Despite the best that has been done by every one—the gallant fighting of military and naval forces, the diligence and assiduity of Our servants of the State and the devoted service of Our one hundred million people, the war situation has developed not necessarily to Japan’s advantage, while the general trends of the world have all turned against her interest. Moreover, the enemy now possesses a new and terrible weapon with the power to destroy many innocent lives and do incalculable damage. Should we continue to fight, not only would it result in an ultimate collapse and obliteration of the Japanese nation, but also it would lead to the total extinction of human civilization. Such being the case, how are we to save the millions of our subjects, or to atone ourselves before the hallowed spirits of our imperial ancestors? This is the reason why we have ordered the acceptance of the provisions of the joint declaration of the powers.
With that, the deadliest conflict in human history was brought to a close. 75 million people were dead, over half of them civilians who had either been caught on the crossfire or who suffered from famine, disease, and deliberate acts of genocide.
Between the first and second world wars, the death toll was around one hundred million. One hundred million people dead in thirty years. These were conflicts unlike any the world had seen before or would see after. There has not been another global war since.
This western-front business couldn’t be done again, not for a long time. The young men think they could do it but they couldn’t. They could fight the first Marne again but not this. This took religion and years of plenty and tremendous sureties and the exact relation that existed between the classes. The Russians and Italians weren’t any good on this front. You had to have a whole-souled sentimental equipment going back further than you could remember. You had to remember Christmas, and postcards of the Crown Prince and his fiancée, and little cafés in Valence and beer gardens in Unter den Linden and weddings at the mairie, and going to the Derby, and your grandfather’s whiskers.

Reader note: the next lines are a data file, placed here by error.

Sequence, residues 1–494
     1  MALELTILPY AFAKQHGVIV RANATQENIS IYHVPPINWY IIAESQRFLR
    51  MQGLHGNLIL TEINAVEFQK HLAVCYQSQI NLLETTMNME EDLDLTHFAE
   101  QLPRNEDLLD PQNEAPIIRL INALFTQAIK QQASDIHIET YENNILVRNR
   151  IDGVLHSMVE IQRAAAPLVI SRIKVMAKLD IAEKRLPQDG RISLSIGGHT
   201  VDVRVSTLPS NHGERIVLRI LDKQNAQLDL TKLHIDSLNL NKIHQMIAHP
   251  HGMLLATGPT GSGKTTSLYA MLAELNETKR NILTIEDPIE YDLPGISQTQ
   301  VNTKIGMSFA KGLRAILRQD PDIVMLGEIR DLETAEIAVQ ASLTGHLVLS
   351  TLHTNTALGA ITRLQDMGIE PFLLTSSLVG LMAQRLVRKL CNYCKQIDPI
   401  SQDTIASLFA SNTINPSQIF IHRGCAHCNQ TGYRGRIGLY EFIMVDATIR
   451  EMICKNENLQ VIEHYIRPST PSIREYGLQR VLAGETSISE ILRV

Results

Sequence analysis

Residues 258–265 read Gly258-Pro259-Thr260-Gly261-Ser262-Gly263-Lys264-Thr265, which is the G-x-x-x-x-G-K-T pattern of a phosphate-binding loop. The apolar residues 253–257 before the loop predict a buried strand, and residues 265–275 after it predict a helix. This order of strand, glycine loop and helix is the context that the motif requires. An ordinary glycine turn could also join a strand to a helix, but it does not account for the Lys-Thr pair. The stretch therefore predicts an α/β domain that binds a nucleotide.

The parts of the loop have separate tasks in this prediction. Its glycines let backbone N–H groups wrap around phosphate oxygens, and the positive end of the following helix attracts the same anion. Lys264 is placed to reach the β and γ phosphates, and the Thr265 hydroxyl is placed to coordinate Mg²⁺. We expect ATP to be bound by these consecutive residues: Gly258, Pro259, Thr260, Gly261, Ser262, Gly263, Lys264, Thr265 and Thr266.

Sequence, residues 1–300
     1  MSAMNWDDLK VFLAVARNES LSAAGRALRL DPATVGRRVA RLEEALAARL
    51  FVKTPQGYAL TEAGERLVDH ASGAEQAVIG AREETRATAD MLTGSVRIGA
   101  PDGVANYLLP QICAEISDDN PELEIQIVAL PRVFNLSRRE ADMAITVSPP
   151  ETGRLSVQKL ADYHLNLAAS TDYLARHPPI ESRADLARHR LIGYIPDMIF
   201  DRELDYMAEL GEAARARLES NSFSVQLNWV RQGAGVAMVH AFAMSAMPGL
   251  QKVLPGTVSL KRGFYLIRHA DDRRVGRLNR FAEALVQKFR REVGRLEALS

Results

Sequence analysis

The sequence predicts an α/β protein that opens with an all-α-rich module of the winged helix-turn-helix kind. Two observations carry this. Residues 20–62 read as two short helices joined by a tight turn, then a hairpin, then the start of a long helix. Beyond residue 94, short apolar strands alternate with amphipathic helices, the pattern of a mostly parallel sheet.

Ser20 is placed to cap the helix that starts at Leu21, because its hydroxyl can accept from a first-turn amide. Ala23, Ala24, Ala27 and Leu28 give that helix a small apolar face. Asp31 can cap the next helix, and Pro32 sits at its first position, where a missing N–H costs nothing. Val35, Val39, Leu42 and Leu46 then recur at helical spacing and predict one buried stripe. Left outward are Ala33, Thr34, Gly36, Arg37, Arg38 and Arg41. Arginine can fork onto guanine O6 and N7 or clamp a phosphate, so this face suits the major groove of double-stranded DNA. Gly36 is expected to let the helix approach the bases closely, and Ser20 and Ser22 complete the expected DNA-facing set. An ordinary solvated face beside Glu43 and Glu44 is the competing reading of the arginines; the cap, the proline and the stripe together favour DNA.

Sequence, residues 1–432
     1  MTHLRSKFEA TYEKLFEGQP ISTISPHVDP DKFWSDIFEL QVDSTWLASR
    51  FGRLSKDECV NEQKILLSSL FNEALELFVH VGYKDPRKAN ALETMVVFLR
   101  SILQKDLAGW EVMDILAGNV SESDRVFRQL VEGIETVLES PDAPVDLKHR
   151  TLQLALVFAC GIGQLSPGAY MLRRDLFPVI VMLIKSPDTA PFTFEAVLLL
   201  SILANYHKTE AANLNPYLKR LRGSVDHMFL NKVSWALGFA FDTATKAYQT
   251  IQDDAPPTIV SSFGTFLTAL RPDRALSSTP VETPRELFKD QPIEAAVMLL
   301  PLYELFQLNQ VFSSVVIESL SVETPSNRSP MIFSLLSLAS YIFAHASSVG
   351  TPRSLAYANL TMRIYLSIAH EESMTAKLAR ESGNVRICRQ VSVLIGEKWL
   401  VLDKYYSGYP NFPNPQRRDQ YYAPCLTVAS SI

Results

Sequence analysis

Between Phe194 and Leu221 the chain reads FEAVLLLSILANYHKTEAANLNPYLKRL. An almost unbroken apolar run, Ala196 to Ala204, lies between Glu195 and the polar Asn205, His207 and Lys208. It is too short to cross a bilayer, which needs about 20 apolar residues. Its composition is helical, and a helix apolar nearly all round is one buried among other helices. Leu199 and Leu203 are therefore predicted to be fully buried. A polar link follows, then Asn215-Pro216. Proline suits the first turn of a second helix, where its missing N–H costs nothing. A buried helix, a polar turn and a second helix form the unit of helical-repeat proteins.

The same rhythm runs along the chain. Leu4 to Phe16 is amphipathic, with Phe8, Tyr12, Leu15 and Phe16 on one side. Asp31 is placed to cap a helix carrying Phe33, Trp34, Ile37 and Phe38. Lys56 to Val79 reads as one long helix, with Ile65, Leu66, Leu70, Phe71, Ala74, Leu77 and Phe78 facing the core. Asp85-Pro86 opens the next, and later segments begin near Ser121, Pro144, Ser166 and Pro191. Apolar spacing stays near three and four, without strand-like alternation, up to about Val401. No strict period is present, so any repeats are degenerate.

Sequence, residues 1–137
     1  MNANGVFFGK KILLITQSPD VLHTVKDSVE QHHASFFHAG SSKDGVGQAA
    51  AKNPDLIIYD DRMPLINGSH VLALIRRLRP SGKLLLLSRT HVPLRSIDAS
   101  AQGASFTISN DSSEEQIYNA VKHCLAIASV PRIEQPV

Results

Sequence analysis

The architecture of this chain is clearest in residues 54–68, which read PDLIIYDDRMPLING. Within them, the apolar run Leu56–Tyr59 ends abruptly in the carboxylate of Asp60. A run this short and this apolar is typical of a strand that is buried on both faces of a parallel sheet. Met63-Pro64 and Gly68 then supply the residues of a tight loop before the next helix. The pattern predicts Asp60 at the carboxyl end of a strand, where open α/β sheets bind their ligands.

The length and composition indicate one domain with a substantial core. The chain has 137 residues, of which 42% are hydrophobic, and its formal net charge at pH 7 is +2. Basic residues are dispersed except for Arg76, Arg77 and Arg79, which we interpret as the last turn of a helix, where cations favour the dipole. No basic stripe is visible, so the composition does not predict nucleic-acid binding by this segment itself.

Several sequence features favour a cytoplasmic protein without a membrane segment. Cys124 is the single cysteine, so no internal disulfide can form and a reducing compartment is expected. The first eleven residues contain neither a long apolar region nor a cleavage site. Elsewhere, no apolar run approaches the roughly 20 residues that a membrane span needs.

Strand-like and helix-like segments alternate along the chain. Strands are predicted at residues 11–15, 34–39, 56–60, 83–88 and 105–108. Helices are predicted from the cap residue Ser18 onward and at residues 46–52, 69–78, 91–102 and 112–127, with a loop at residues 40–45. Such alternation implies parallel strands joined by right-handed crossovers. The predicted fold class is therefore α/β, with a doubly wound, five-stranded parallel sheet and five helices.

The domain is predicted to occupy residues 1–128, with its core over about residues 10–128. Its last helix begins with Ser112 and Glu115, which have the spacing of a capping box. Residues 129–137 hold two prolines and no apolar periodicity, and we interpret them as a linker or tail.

What does it take to fight a world war? Where does the willingness to march forward into the surety of death come from? What makes a leader willingly throw their nations into so terrible a battle?
Alfred Korzybski described the world wars as a result of technology escaping from humanity, accelerating in development faster than human morality, wisdom, law, or economics could keep up, and then snapping and rebounding back into equilibrium in the form of mass violence and death.
The rebound from the first world war set the stage for the snap that led to the second world war, and when the second world war ended, the world nearly stood poised to begin yet another massive conflict, this time between the United States and the Soviet Union.
But technology continued to march forwards. The atomic bombs were dropped, and everything changed again. While there has not been another rebound since, Korzybski’s warning continues to ominously ring from the church steeple. In the 75 years since the end of the last global war, the tension has slowly increased, like a fault line under ever-increasing tectonic pressure.